Nasher Numbers for JLP

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Over the weekend an envelope from Nasher Museum of Art director Kim Rorschach was delivered in our roadside mailbox in quasi-rural Chatham County.  Her kind note mentioned that 37,000 people had attended the JLP show during the recently-closed run at her museum.  I’m not experienced with local museum traffic but that number struck me as enormous.  I was born in Chapel Hill and have lived within three hours of here since then (more or less).  It wasn’t all that long ago when Duke’s former art museum was housed in essentially a dormitory building and Raleigh, Durham, and Chapel Hill were connected by unlit, two-lane country roads.

Okay, that’s a bit melodramatic.  But, in the early days of JLP (back before cell phones, seriously), when my work trips to NYC counted in single digits (of 137), this may not have seemed like the right home for a project like this.  A few grant proposals may have failed because of it.  It was an accident of history that JLP was a New York project with materials in Arizona and a home base in North Carolina.  But as I mentioned in last week’s Independent piece, the Center for Documentary Studies was the uncanny, perfect place for JLP.  As the project grew, the Nasher was conceived, designed by Rafael Vinoly, ground-broken, and built a half mile down the street from CDS, and 37,000 people showed up for the JLP exhibition.  (Kim’s note was handwritten so I confirmed the number with her by email this morning, to be sure I was reading her hand accurately).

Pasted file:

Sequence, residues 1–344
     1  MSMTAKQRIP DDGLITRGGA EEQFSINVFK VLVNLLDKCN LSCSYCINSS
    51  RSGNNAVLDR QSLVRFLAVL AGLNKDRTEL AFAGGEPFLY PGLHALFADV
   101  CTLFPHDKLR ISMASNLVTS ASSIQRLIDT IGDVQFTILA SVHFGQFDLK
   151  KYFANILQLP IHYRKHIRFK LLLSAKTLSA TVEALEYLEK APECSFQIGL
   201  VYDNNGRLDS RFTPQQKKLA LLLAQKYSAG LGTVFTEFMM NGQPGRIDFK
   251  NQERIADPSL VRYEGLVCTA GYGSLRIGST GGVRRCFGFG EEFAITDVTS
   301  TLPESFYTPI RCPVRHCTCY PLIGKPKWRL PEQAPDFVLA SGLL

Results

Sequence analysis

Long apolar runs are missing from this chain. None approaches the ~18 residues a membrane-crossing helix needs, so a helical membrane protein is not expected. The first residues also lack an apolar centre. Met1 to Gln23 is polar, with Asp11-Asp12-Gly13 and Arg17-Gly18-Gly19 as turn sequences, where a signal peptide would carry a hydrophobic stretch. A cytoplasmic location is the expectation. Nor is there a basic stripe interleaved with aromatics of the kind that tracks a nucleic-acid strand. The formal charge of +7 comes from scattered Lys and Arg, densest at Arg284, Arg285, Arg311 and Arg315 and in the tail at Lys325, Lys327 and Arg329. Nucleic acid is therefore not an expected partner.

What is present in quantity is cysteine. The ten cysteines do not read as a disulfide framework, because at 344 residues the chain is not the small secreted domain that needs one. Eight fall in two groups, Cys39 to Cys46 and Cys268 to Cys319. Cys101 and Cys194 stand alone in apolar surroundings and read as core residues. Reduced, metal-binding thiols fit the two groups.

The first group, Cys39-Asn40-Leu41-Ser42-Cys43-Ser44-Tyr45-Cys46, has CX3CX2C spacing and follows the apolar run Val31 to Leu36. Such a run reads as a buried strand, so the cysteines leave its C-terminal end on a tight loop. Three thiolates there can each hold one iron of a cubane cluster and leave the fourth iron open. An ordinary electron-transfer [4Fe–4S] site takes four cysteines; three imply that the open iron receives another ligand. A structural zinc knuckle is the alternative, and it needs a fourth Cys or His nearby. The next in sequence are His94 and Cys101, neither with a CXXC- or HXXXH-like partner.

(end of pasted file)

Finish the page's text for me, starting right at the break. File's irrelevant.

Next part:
What an asset to this area the Nasher has become in a short time.  Many kudos and much gratitude are due Kim and her staff.

-Sam Stephenson

p.s. (The ridiculous heat and, moreover, drought have me in a wistful mood perhaps).

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